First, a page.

Every showcase has a list of college coaches that say they will attend the event or have signed up to attend. I don’t always trust this list. Many college coaches register for every event out there and a showcase can advertise that these registered coaches will be attending the event. A majority that register attend, but there are some that just sign up for every event and don’t attend. They still get access to the profiles and contact information for all the players in attendance. These coaches are registering so they can get more contacts to send info about their personal ID camps and the more kids that attend their camps the more money they make!!! It’s almost impossible to tell who is really in attendance and who is not. When I was coaching, I went to showcases to see kids I knew about. I wasn’t usually just going field to field and trying to find a needle in a haystack. With that being said, if I could get contacts to try to sell my own camps, why wouldn’t I try to make a buck and who knows, maybe I’d find a kid that was a good fit for my program.

Some showcases limit who can record the event, meaning that they don’t allow video cameras, this way you are forced to buy their recordings and highlight packages. Again, the showcase is getting paid by these companies to be the sole provider of video. As a college coach and someone who makes highlight videos for a living, I can promise that these videos are notoriously poor and not worth it. Usually these show every touch a player makes over an event, including both the good and the bad. I saw one the other day where the player went backwards on every touch they made, I’m telling you no college coach wants to see that. I suggest making your own videos or hiring a knowledgeable person to do this and making sure you have seen their work in advance of purchasing a film package.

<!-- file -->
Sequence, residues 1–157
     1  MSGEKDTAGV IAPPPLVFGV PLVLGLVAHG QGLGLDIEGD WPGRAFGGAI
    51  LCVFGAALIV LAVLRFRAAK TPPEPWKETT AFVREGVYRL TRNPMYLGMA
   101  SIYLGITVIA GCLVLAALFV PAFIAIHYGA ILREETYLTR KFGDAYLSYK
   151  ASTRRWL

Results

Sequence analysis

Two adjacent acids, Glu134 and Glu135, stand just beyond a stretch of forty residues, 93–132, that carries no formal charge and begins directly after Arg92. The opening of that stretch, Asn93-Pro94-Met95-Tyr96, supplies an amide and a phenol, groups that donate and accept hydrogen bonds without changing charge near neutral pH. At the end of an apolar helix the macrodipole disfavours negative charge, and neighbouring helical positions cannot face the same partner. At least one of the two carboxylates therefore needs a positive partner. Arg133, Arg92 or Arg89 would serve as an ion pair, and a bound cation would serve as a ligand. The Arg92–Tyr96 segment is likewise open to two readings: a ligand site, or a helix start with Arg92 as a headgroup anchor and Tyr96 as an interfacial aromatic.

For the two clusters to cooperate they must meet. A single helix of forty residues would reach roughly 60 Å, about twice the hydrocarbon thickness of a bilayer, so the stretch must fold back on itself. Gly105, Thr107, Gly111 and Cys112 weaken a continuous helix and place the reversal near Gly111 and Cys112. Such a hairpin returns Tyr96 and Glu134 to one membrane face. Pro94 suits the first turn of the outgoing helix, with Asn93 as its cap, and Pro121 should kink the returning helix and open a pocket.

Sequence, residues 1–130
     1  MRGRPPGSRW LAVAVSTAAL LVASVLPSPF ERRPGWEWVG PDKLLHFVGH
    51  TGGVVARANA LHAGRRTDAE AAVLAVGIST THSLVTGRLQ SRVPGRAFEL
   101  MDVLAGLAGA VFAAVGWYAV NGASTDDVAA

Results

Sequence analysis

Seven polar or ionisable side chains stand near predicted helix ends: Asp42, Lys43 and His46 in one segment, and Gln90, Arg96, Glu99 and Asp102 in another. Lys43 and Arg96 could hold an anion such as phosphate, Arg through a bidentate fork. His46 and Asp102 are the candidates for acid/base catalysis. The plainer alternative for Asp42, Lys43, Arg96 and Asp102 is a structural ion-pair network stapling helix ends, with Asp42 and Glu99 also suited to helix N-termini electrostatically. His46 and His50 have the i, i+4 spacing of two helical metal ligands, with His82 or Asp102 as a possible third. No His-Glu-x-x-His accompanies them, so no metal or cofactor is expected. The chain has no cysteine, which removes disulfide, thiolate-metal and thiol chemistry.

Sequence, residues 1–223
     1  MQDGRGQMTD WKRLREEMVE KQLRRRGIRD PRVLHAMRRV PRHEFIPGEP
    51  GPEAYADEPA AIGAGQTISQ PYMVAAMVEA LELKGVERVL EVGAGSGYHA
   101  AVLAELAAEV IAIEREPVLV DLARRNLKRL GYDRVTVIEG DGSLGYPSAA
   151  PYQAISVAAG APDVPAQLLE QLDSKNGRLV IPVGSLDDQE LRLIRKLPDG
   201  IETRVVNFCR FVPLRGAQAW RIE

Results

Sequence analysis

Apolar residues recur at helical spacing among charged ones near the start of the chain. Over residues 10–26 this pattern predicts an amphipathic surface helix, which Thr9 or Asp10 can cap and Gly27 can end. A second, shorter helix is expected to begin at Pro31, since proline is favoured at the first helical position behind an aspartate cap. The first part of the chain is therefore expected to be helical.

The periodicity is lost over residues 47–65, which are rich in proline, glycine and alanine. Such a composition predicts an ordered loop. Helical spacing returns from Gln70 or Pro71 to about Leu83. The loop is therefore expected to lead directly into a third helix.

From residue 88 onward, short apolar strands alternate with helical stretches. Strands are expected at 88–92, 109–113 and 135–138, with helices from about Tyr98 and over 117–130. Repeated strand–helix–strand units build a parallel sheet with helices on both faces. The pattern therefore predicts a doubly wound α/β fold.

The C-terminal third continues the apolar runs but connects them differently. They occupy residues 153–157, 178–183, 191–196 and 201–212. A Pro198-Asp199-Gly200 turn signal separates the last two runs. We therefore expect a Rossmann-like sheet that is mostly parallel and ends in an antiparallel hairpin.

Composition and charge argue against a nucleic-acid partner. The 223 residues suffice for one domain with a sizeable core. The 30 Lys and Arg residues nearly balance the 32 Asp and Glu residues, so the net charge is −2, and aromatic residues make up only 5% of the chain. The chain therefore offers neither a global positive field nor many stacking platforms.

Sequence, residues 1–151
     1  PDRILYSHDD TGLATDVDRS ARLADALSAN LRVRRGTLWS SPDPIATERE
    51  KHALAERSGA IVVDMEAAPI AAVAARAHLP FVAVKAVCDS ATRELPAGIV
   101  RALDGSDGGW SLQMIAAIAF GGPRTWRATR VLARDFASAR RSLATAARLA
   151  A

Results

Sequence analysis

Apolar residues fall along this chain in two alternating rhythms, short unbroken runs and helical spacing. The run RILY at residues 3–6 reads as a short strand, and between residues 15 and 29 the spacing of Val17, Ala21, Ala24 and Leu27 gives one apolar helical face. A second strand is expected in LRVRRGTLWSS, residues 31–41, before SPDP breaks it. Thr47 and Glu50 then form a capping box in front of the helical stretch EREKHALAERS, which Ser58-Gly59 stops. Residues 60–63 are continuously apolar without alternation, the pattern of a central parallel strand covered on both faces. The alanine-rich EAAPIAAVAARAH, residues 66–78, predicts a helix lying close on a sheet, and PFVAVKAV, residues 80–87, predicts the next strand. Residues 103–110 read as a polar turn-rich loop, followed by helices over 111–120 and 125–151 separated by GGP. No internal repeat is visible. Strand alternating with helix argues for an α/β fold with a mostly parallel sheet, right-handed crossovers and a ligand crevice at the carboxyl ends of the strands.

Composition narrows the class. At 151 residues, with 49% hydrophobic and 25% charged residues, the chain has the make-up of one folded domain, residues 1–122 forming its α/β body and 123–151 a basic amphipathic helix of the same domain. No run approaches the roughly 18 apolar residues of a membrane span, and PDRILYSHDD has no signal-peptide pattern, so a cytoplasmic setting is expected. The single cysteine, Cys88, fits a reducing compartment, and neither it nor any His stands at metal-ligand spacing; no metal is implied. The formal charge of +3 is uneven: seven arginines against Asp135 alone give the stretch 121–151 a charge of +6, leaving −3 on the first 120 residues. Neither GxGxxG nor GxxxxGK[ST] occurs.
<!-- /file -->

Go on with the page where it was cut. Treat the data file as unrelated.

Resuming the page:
One thing TSA Recruiting does is make highlight videos that can evolve over time. Having coached college soccer for 25 years, I know what coaches want to see in a video and how to organize the video so that it can help a player gain interest from college coaches. It only has to be 2-3 minutes long and it should have a “wow” factor to it. It should show your strengths and what position(s) you play. For example, if you are a center back, you need to show some heading as well as passing. If your team doesn’t record games, take it into your own hands. If your opponent has a camera, find out who it belongs to and ask the person if you can get the film. The more video footage you have the better off you will be. I know some clubs that don’t record and others that do it sparingly. Having up to date video is important in recruiting, so depending on your situation, don’t be afraid to take this into your own hands.